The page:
GANG ACTIVITY: A youth gang is a group of people who get together on a regular basis to carry out violent, illegal or anti-social activities, including intimidation, assault, vandalism, burglary and even murder. Gang members generally tend to be male teenagers, but they can also be female and even as young as 7 years old.
If you think your child’s school or social group is immune from gang activity, think again. Police and sheriff’s offices throughout the country have observed evidence of gangs in every social, academic and ethnic category.
Look for these signs that may indicate a child may be involved with a gang:
- The child begins hanging out with a new group of friends.
- There’s a marked change in the child’s habits or personality.
- You find evidence of or suspect drug or alcohol abuse.
- The child frequently shows signs of being bruised or injured.
- You observe the child using unusual hand signs, nicknames or street language.
- The child is carrying guns, knives or other weapons.
- You observe strange symbols or graffiti on notebooks and folders.
- The child withdraws from family members or friends.
- Grades fall and/or incidents requiring discipline become more frequent.
- The child obtains money without your knowledge.
- The child dresses in the same color clothing every day or wears tattoos, unusual jewelry, hairstyles, or clothing that could identify a particular gang.
If you suspect gang involvement, contact your school’s resource officer, the school’s administration or speak with local police to report what you have seen and put authorities on the alert for potential danger.
STREET CRIME: When you’re out of the house…shopping, driving or walking…you could become a victim of street crime. Stay safe by using these guidelines:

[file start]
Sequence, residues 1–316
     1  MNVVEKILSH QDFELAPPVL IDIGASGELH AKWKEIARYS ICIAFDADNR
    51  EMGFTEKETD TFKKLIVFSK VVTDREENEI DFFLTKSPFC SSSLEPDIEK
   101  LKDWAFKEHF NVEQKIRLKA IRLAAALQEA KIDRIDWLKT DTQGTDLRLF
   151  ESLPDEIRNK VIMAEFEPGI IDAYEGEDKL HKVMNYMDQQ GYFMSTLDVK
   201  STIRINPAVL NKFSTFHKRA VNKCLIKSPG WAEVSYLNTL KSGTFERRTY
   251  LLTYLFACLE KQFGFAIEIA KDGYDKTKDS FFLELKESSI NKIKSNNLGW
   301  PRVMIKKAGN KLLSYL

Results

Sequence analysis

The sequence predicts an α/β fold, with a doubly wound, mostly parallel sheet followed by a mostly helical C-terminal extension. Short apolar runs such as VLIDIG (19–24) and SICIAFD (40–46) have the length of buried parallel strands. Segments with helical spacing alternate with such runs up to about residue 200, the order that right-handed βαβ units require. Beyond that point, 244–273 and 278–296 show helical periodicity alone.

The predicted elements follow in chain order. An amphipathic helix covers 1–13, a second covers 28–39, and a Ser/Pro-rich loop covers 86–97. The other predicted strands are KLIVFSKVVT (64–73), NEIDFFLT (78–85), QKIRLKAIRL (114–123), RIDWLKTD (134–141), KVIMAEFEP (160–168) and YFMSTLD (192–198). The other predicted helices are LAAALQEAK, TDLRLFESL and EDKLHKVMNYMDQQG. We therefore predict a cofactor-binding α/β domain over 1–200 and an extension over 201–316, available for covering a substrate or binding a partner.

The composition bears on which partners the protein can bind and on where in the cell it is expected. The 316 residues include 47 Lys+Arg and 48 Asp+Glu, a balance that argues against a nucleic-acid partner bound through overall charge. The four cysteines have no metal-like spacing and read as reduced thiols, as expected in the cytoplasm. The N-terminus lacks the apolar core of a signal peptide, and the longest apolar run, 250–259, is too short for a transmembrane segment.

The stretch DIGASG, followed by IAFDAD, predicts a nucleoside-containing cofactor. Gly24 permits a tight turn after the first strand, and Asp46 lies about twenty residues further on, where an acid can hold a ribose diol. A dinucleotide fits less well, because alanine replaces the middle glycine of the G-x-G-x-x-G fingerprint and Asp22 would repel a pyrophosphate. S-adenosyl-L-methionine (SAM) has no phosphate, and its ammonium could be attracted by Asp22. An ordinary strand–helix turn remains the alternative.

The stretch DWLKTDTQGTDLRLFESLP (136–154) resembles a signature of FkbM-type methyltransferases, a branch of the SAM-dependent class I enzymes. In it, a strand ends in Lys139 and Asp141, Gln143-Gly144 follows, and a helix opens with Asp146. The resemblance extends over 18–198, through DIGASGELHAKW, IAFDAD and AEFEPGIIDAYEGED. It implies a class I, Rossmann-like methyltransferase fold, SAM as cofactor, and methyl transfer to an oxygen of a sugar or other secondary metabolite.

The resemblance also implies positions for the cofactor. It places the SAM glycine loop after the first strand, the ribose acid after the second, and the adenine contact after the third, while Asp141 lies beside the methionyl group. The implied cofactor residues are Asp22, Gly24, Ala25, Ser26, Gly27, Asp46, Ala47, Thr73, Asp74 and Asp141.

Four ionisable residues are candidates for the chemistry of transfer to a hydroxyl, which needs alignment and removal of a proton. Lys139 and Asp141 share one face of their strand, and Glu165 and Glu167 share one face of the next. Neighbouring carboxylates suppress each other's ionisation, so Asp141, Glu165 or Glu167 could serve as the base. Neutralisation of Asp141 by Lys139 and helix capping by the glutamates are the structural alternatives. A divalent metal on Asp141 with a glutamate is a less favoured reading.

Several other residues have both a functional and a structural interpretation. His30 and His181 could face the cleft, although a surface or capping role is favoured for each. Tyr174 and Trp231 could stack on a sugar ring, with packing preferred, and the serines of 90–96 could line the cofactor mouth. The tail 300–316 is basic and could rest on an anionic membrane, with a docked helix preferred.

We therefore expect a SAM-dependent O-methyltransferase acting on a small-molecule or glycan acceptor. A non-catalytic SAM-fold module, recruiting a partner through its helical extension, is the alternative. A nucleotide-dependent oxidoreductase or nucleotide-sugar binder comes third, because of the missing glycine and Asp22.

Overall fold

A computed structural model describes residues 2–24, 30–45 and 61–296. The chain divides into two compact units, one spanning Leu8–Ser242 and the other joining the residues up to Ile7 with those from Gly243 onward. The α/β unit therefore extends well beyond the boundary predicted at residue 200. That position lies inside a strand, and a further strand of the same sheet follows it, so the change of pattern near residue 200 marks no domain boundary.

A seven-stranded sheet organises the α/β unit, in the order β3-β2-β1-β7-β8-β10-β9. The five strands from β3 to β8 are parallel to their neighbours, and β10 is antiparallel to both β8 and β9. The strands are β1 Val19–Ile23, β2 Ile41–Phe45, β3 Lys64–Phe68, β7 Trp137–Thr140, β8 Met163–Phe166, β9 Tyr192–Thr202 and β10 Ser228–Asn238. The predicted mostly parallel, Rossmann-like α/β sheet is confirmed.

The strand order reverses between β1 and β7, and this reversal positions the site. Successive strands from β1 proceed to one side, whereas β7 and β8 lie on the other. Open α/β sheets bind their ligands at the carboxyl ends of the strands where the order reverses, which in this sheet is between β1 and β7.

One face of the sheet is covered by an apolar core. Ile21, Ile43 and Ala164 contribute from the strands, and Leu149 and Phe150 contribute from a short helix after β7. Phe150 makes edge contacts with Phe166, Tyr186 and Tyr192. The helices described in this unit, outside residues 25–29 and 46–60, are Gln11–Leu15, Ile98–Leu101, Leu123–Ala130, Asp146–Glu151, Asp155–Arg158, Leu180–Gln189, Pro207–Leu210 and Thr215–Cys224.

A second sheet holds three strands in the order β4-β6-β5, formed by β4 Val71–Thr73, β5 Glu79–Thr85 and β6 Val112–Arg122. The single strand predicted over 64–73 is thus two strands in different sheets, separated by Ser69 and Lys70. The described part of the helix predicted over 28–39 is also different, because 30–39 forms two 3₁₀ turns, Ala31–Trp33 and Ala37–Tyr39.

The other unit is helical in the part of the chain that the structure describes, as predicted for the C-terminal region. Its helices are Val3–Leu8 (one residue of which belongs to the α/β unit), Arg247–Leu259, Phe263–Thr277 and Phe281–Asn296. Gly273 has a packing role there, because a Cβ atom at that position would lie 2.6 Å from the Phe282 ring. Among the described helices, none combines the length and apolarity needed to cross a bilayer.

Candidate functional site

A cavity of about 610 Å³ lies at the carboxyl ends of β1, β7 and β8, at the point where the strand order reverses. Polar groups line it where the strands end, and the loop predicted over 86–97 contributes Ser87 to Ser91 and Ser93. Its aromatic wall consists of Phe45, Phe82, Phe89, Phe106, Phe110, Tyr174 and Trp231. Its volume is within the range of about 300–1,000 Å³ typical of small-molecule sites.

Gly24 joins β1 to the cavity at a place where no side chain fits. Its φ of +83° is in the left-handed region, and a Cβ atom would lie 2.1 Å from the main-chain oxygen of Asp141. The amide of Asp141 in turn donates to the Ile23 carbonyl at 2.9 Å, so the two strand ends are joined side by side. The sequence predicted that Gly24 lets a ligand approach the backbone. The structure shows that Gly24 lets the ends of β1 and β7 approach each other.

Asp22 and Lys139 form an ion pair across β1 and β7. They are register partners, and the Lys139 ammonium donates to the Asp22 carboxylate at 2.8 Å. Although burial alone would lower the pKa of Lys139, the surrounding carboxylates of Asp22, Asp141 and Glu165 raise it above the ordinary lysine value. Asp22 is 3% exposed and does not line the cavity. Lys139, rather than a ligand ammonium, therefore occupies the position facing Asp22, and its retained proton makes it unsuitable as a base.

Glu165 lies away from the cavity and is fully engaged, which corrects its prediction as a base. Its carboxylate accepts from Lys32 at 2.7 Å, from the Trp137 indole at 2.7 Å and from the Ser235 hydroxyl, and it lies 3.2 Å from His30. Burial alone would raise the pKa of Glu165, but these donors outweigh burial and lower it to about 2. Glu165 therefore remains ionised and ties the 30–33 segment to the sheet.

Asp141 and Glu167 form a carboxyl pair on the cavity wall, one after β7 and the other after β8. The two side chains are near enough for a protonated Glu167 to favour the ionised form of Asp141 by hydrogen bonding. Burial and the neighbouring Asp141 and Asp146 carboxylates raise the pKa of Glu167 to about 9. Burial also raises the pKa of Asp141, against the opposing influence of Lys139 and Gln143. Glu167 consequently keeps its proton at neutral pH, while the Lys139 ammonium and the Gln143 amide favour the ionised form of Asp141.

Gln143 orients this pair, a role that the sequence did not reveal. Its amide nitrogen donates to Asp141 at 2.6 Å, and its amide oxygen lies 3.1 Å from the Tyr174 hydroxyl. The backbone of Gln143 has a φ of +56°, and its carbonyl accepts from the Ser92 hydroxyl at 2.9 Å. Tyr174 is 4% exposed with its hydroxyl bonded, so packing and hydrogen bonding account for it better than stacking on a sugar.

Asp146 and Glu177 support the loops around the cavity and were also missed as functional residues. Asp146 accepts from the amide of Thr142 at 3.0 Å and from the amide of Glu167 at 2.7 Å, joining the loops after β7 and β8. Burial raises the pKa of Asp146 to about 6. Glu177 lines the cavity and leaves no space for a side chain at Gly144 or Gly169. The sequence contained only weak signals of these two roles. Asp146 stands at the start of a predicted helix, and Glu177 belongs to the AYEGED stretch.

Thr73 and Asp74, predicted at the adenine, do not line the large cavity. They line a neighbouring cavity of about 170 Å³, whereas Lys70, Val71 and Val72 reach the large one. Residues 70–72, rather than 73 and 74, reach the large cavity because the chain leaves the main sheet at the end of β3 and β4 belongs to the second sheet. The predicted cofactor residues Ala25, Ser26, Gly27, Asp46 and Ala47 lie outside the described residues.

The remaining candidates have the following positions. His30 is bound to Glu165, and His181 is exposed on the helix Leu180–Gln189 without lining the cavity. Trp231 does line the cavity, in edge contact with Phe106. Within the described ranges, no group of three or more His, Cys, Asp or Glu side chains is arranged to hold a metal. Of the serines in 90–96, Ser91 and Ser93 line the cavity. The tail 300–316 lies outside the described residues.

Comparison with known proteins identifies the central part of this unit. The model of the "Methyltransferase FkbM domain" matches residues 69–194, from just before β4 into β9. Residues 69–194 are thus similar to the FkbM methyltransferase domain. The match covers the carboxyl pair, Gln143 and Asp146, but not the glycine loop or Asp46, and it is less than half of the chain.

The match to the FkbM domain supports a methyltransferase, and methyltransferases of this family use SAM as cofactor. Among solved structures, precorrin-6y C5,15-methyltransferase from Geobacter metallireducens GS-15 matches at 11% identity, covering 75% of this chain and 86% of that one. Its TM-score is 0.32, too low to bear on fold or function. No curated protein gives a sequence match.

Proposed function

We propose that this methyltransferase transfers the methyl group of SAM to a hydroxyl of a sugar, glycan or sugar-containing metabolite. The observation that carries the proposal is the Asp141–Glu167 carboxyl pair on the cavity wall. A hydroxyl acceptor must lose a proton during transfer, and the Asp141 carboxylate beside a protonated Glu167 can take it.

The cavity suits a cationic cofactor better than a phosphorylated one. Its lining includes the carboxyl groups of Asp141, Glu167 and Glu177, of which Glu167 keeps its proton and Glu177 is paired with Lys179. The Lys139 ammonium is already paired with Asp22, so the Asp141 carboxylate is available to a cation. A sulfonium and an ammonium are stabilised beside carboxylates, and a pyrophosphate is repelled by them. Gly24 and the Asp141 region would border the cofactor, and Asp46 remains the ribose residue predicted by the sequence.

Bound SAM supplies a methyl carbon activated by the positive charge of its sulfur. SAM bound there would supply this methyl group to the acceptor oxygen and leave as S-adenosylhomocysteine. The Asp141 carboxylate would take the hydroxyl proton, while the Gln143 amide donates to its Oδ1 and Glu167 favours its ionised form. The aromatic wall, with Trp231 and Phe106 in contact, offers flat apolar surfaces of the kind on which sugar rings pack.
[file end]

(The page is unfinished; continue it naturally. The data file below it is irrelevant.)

- Do not shop or conduct bank business on the 1st or 15th of the month (that’s when government checks and many paychecks are issued). Talk with your bank about setting up a direct deposit system for social security checks, and check with your employer about direct deposit for paychecks.
- Never carry large sums of money, jewelry or valuables while you’re out.
- Leave your important papers at home. Documents such as birth certificates and medical records are difficult for you to replace if you are the victim of a street crime.
- Walk confidently. Behave in an alert and self-assured fashion. People who appear to know exactly where they are going and are aware of their surroundings are less vulnerable than those who appear timid and confused.
- Keep one arm free when you are waiting for a public bus. Wear comfortable clothing and shoes in case you must flee and pay close attention to what is going on around you. Also, put a whistle on your keychain and have it handy for emergency use.
- Avoid getting into an elevator alone with a stranger.
- When traveling, use credit cards instead of cash.
- Keep your distance from drivers who stop you to ask for directions. Stay out of the person’s reach by remaining a few feet from the vehicle.
When you’re driving:
- Drive with your car doors locked.
- Vary your driving/walking route when commuting to work, shopping or conducting personal business.
- Never leave your car keys or valuables in an unattended automobile, and don’t leave packages where they will be visible to thieves. .
- Never leave small children unattended in your vehicle, not even for a minute.
- Park your car or walk only in well-lit, populated areas.
- Check your surroundings before venturing into parking lots or other unfamiliar areas. If you observe something suspicious, remain indoors and report it immediately.
- Check the back seat of your car before entering.
The most important way to stay safe and protect yourself in any situation is to remain alert and aware of your environment. The best prescription for your personal security is simple: PAY ATTENTION.